Home Commentary Declutter, De-Consume, Decelerate = Delightful

Declutter, De-Consume, Decelerate = Delightful


By Walt Lundin
Saint Thomas Aquinas Parish
Green Committee

What follows was inspired by Pope Francis’ encyclical Laudato Si’ and a related essay “Declutter Your World,” by Susan Eischen in the June 19 Our Sunday Visitor.

We have a lot of stuff – in our garages and storage units, our workshops and closets. A lot. When it became storageable and no longer usable, I don’t know. Every day, during eight minutes of commercials in a half hour we hear siren calls saying, “There’s something better! New and Improved! It’s trendy! The best people have it! Don’t fall behind! Buy, baby, buy!”

Our younger generation has heard this since infancy. We see them today, early campers in front of Apple for Apple’s newest … Basketball shoes? Black Friday? Huge crowd; mad stampede! (First aid help for the trampled.) Make Black Friday “No-Buy Day.”

Well, we older ones, aren’t Pavlov’s dog hearing the bell. We’ve been around the block a couple of times; not our first rodeo. And yet… Is there still a part of us that gets hooked sometimes? That wants to keep up with the Joneses? In the gadget department? Wheels? Cashmere sweaters? Square footage? (If the shoe fits, don’t buy it.)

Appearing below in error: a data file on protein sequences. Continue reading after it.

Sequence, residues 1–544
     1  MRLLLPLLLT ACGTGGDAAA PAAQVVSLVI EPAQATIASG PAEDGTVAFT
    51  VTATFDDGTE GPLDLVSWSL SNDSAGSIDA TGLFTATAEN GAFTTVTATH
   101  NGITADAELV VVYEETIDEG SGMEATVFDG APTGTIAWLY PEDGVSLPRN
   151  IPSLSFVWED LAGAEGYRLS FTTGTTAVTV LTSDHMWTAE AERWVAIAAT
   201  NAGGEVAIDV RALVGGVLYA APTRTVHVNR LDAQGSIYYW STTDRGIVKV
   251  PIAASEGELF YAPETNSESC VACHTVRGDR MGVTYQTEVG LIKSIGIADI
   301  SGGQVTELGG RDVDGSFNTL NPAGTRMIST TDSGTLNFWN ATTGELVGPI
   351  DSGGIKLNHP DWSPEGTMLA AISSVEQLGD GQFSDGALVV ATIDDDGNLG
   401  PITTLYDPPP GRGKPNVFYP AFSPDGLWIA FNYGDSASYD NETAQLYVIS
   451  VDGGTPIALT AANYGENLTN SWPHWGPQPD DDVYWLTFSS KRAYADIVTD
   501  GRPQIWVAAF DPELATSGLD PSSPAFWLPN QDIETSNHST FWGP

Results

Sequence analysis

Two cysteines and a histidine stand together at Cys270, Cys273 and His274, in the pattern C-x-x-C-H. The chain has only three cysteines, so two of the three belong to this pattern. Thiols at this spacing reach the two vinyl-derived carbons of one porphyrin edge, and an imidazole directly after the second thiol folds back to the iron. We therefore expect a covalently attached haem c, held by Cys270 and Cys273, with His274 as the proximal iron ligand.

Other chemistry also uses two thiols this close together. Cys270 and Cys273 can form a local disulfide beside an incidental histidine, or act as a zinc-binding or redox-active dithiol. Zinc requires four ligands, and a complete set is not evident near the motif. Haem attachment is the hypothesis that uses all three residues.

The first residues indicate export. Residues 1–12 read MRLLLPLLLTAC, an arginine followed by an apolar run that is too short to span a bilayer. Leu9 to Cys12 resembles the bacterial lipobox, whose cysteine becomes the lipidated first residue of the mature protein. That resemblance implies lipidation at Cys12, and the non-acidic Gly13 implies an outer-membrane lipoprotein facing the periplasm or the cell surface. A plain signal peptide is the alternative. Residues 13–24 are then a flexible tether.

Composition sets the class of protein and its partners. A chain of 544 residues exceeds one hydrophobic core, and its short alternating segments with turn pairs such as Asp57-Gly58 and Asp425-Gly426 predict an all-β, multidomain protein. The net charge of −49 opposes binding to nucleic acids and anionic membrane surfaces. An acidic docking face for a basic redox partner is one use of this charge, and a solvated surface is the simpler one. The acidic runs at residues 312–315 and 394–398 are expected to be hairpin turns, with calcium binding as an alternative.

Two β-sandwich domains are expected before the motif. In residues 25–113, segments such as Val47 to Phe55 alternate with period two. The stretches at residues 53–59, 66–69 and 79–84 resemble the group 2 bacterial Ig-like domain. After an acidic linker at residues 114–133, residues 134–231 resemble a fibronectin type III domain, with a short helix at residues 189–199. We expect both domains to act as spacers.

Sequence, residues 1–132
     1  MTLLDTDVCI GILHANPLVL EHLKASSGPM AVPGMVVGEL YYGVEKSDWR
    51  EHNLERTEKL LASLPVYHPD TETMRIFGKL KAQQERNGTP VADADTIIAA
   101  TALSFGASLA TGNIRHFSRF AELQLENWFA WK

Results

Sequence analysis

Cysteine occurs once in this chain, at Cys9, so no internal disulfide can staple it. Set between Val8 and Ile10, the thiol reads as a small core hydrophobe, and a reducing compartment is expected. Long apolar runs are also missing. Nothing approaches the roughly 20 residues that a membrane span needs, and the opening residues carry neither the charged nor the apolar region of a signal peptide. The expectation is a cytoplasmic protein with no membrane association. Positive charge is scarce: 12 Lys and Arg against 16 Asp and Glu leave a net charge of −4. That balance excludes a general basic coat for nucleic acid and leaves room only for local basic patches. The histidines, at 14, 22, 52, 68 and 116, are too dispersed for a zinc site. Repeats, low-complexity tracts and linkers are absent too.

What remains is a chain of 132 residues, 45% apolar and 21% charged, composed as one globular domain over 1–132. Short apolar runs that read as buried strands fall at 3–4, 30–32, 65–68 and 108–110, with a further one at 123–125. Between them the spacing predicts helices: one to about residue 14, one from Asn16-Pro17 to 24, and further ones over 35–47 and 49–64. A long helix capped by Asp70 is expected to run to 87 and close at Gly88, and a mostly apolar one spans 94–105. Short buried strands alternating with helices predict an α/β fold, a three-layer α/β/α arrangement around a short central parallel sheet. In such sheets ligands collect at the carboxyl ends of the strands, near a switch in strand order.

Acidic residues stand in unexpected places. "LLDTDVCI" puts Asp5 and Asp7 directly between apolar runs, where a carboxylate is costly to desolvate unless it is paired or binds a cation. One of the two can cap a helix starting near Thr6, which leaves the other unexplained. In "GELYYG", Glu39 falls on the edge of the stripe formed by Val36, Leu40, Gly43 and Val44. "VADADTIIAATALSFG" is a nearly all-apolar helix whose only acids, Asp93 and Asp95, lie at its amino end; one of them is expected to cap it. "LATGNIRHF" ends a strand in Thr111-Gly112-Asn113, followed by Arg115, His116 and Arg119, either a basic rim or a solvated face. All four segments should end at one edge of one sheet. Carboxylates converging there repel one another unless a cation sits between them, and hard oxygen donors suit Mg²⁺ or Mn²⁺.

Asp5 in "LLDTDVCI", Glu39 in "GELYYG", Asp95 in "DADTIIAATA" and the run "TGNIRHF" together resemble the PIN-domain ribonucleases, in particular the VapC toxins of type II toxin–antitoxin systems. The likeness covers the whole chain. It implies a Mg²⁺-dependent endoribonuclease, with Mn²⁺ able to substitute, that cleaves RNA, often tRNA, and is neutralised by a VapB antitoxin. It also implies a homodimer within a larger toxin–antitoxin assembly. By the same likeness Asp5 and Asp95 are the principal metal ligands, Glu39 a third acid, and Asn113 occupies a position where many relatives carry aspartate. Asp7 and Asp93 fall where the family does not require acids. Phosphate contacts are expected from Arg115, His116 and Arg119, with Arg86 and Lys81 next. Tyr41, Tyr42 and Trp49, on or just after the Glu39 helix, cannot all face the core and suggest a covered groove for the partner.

Pope Francis worries about us. He worries also about our common home – our planet. He believes, along with a zillion scientists, that human activity is seriously hurting, perhaps beyond repair, our living space. “Never have we so mistreated our common home as we have in the last two hundred years.”(#53, L.S.) It’s being done to the poor people and nations. We gobble up their resources for a lot of “things;” we chew up their lands and we spew lingering toxicity that will outlast our lives. They have a wasteland.
The Quakers or the Mennonites, one of those sparse, frugal churches, have a little verse: “Eat it up, wear it out, make it do, do without.” A little restraint, please. Could we turn “want” into “won’t?”

Christmas, a very happy time for retailers. (I saw Christmas lights October 4 on Newell.) … What if we throttled down? Eased up? Does this sound too grinchy? Could we instead make it sound almost virtuous? Half-way noble? Take Pope Francis shopping with us when we shop? He invites us to find “a simplicity which allows us to stop and appreciate the small things…” (#722, L.S.) “Blessed are the poor in spirit. The reign of God is theirs.” (Mt. 5:3)